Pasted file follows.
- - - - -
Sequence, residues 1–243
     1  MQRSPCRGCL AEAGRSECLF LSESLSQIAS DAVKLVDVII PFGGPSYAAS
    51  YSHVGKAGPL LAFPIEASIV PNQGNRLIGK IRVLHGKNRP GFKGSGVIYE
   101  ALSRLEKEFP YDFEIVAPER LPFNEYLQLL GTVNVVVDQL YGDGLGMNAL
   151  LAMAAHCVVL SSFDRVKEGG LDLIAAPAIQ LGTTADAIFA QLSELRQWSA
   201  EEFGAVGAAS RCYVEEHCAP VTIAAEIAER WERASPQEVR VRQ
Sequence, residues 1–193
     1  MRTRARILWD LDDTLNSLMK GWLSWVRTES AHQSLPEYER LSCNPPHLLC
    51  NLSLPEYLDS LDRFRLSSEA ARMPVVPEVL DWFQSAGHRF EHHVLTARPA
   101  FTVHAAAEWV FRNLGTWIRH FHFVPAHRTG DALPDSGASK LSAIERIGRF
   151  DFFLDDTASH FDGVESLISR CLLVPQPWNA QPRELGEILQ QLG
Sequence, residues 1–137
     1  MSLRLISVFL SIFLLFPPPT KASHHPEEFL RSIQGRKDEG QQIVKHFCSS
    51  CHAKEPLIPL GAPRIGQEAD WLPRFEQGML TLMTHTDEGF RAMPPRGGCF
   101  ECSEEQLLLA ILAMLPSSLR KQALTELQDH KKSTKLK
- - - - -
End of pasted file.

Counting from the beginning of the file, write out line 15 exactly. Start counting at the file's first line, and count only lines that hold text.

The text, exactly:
   101  ECSEEQLLLA ILAMLPSSLR KQALTELQDH KKSTKLK